Tuesday, August 07, 2012

No Such Thing As Voter Fraud? Guess Again

Democrats and the Obama Administration have waged an intensive jihad against laws intended to prevent voter fraud, including voter ID laws.One of the consistent arguments they make in spite of all the evidence to the contrary is that voter fraud 'doesn't exist', that's it's 'negligible' that it 'isn't a real problem'.

The truth is that not only is voter fraud a seminal and major problem, but a key tool Democrats need to win elections.

In Byron York's column today, he explores how the votes of ineligible felons were used to throw the Minnesota 2008 senate race to Al Franken, with disastrous results for our Republic:

In the '08 campaign, Republican Sen. Norm Coleman was running for re-election against Democrat Al Franken. It was impossibly close; on the morning after the election, after 2.9 million people had voted, Coleman led Franken by 725 votes.

Franken and his Democratic allies dispatched an army of lawyers to challenge the results. After the first canvass, Coleman's lead was down to 206 votes. That was followed by months of wrangling and litigation. In the end, Franken was declared the winner by 312 votes. He was sworn into office in July 2009, eight months after the election.

During the controversy a conservative group called Minnesota Majority began to look into claims of voter fraud. Comparing criminal records with voting rolls, the group identified 1,099 felons -- all ineligible to vote -- who had voted in the Franken-Coleman race.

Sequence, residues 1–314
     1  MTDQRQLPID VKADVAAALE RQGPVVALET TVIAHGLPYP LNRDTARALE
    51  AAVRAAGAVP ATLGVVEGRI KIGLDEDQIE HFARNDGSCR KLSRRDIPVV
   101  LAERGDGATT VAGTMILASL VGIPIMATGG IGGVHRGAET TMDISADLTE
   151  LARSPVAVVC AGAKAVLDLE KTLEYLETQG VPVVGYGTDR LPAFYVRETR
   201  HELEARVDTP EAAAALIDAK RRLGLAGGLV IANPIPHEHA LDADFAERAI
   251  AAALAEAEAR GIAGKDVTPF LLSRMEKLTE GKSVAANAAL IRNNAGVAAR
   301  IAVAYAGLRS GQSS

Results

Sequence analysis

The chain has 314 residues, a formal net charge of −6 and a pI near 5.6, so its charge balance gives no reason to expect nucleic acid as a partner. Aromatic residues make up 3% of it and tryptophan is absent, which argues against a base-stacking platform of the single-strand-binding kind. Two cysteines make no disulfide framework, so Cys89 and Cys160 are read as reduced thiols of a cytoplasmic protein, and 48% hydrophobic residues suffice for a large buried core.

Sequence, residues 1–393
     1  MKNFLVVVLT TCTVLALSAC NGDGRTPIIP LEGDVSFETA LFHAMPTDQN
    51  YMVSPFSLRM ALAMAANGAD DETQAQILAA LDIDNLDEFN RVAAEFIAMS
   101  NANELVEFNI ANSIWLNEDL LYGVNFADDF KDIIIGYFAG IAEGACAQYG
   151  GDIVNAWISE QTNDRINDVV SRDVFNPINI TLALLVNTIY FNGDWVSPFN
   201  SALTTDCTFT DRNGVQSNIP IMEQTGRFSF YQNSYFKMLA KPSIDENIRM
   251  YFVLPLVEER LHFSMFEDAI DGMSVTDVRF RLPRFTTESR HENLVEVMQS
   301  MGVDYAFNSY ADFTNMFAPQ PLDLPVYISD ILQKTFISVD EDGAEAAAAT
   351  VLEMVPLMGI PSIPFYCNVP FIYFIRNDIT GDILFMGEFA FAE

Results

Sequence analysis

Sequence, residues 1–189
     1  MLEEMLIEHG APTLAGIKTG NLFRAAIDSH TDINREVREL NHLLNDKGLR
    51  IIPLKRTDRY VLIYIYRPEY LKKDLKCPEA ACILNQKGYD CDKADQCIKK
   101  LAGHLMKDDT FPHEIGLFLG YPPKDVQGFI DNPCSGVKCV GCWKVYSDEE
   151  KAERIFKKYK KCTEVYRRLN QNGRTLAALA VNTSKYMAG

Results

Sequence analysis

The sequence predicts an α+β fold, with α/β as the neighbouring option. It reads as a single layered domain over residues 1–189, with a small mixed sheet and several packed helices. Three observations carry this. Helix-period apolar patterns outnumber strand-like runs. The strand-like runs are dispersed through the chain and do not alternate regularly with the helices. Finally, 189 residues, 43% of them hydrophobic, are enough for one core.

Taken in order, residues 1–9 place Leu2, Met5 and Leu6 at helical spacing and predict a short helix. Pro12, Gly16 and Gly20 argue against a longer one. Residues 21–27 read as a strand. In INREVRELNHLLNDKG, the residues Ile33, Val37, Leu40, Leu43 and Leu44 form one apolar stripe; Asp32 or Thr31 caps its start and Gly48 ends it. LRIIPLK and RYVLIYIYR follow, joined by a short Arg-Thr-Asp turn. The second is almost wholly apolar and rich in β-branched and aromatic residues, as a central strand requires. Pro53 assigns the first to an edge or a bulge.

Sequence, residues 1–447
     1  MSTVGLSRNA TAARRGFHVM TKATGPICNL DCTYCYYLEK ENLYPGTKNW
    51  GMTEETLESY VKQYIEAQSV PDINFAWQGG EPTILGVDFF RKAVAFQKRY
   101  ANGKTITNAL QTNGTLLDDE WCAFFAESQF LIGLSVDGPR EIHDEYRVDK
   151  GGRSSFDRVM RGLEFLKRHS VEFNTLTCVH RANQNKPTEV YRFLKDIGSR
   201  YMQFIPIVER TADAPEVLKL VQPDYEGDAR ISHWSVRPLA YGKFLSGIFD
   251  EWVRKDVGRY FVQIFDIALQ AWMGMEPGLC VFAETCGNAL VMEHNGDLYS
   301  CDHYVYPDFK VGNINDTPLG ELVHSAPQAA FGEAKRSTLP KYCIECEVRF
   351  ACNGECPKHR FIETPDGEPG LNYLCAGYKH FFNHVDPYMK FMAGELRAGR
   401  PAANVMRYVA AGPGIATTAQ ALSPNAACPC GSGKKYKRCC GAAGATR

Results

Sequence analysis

Minnesota Majority took the information to prosecutors across the state, many of whom showed no interest in pursuing it. But Minnesota law requires authorities to investigate such leads. And so far, Fund and von Spakovsky report, 177 people have been convicted -- not just accused, but convicted -- of voting fraudulently in the Senate race. Another 66 are awaiting trial. "The numbers aren't greater," the authors say, "because the standard for convicting someone of voter fraud in Minnesota is that they must have been both ineligible, and 'knowingly' voted unlawfully." The accused can get off by claiming not to have known they did anything wrong.

And that's just felons. There's also evidence of a number of irregularities involving deceased 'voters' still on the rolls and absentee ballots...and that the votes of 1,200 active duty military votes might have been suppressed.

Oh, and the consequences of that election, with it's 'negligible' voter fraud? Al Franken became the 60th vote pass ObamaCare, as well as a lot of other questionable legislation that was part of President Obama's agenda.

York makes a final argument, and one that's worth noting...that voter fraud violates the voting rights of legitimate voters:

[DNC head Debbie] Wasserman Shultz and her fellow Democrats are doing everything they can to stop reasonable anti-fraud measures, like removing ineligible voters from the rolls and voter ID. Through it all, they maintain they are simply defending our most fundamental right, the right to vote.

But voter fraud involves that right, too. "When voters are disenfranchised by the counting of improperly cast ballots or outright fraud, their civil rights are violated just as surely as if they were prevented from voting," write Fund and von Spakovsky. "The integrity of the ballot box is just as important to the credibility of elections as access to it."

Illegal aliens, convicted felons and dead people...an important constituency, the Democrats can't do without, and one they're fighting hard to keep.

No comments: